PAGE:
KOTA KINABALU: A mapping campaign using scientifically advanced technology took off on April 4 this year in Sabah to gather data that will feed into making the best decisions for land use and management of the state’s biodiversity.
Carried out by the Carnegie Airborne Observatory (CAO), a facility under the Department of Global Ecology, Carnegie Institution for Science in Stanford University, the high resolution and three dimensional mapping will provide a good understanding of the structure and quality of Sabah’s forests, carbon stocks and biodiversity patterns – and help with conservation and restoration decisions.
CAO, which is the most scientifically advanced aircraft-based mapping and data analytics system globally in the civil sector today, will map forest and non-forest vegetation carbon stocks, 3-D vegetation structure, and canopy tree diversity across the state’s 7.4 million hectare land area.
This mapping process will provide government decision makers, scientists and conservationists an understanding on how past environmental management decisions have impacted the land and biodiversity, and how current and future decisions can make their status better.
The maps will also set a baseline against which land and biodiversity management can be assessed in the coming years.
The CAO aircraft is scheduled to collect data until early May 2016 as part of a partnership between CAO and the Sabah government through the Sabah Forestry Department (SFD).
The partnership was initiated and facilitated by Forever Sabah.
Sabah Forestry Department director Datuk Sam Mannan was quoted as saying, the maps derived from this campaign, unlike past experiences where such maps were viewed as “treasure maps”, will be a useful tool for making sound decisions in relation to land-use planning in the State, especially now that the State Government has twomajor 10-year goals.
By 2025, the State is expected to increase its current 24% of Totally Protected Areas (TPAs) to 30%, and to achieve 100% Certified Sustainable Palm Oil (CSPO) for all palm oil growers in Sabah.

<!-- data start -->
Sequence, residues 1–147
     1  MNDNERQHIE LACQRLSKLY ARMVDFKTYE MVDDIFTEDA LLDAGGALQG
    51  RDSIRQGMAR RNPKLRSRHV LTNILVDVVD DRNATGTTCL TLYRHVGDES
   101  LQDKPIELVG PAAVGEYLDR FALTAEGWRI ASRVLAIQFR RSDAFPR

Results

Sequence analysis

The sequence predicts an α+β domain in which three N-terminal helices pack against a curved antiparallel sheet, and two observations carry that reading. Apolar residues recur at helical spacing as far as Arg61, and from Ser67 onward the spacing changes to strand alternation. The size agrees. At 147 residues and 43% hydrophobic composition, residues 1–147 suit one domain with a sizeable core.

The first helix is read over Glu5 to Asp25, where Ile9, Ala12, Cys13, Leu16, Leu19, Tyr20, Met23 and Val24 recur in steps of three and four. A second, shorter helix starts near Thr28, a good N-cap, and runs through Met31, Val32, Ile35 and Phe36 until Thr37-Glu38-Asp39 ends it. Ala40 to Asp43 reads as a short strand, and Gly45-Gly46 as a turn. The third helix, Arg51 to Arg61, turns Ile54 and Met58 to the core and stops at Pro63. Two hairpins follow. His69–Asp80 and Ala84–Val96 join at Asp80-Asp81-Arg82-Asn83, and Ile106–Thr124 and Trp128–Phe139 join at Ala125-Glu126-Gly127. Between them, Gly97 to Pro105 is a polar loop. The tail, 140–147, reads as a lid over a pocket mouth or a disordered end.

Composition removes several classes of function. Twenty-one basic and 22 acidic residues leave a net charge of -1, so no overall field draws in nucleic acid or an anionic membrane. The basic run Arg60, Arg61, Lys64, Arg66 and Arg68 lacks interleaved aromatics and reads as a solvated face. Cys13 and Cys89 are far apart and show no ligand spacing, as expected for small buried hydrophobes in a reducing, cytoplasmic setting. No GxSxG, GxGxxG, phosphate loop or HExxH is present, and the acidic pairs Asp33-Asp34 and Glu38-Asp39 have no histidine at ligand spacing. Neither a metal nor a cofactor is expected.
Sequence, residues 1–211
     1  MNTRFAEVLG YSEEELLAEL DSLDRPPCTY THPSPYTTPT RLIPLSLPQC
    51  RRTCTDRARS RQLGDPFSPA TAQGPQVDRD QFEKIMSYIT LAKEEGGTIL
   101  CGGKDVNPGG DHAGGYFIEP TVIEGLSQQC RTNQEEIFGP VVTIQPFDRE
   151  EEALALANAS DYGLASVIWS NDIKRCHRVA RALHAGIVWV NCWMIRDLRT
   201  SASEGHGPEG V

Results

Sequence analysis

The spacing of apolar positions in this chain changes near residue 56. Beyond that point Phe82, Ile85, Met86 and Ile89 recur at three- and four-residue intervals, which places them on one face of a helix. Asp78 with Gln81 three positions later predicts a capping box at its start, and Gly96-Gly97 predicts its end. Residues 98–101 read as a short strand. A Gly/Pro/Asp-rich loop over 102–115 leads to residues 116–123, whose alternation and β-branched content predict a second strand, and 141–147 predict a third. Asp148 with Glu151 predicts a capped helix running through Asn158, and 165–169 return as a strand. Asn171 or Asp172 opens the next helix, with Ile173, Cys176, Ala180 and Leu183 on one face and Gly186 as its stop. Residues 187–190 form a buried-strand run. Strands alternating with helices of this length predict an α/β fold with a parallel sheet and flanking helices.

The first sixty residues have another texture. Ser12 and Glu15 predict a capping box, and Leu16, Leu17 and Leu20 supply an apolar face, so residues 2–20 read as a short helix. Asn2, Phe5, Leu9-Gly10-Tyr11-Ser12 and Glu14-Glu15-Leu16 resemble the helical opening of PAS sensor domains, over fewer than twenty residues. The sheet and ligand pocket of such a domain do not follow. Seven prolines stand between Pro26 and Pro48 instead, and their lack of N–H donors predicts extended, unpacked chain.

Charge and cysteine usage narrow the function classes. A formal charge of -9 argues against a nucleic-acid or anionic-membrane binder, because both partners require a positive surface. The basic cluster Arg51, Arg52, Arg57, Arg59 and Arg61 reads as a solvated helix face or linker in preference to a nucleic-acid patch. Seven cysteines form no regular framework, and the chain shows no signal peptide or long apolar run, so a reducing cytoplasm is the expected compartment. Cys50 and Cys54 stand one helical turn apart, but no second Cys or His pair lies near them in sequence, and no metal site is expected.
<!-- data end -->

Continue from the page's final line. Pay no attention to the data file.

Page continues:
The mapping exercise is sponsored by a wide alliance of organisations such as SFD, the United Nations Development Programme – Global Environment Facility (UNDP-GEF) through the biodiversity conservation in multiple use forest landscapes project, Roundtable on Sustainable Palm Oil (RSPO), WWF-Malaysia, Federal Natural Resources and Environment Ministry through the Heart of Borneo (HoB) initiative, and Danum Valley Management Committee.
Both the UNDP-GEF funded project and HoB are implemented by SFD. A technical committee comprising government agencies, non-governmental organisations and research bodies is guiding and supporting the campaign.
From 2008 to 2013, CAO has operated in Colombia, Costa Rica, Panama, Peru and South Africa, providing support to private and public institutions working to save endangered wildlife and highly diverse ecosystems.
The CAO programme has produced over 150 scientific publications and has been at the centre stage in the United Nations climate change and biodiversity negotiations.
CAO director Dr Gregory P. Asner said his team was delighted to be working in Sabah with partners from SFD and a supportive group of government, NGO and academic institutions based in the state.
“Our goal is to map the structure, biomass and biodiversity of Sabah’s unique ecosystems, especially its remaining forests and wetlands. It is going to be a real challenge given the typically cloudy skies over this part of the world, but I am optimistic that we will get it done.
“Our goal is to provide highly accurate and actionable maps to all parties interested in advancing Sabah’s environmental conservation, management and resource policy,” Asner said.
At the end of the campaign, data will be processed and analysed at Carnegie Institution’s Department of Global Ecology in Stanford, California.
This will be done in collaboration with scientists, conservationists and land managers in Sabah, and will use field data currently available locally for calibration and validation of CAO maps.
The final maps are expected to be ready by the end of the year and will be shared with the relevant organisations in a transparent and open-access approach.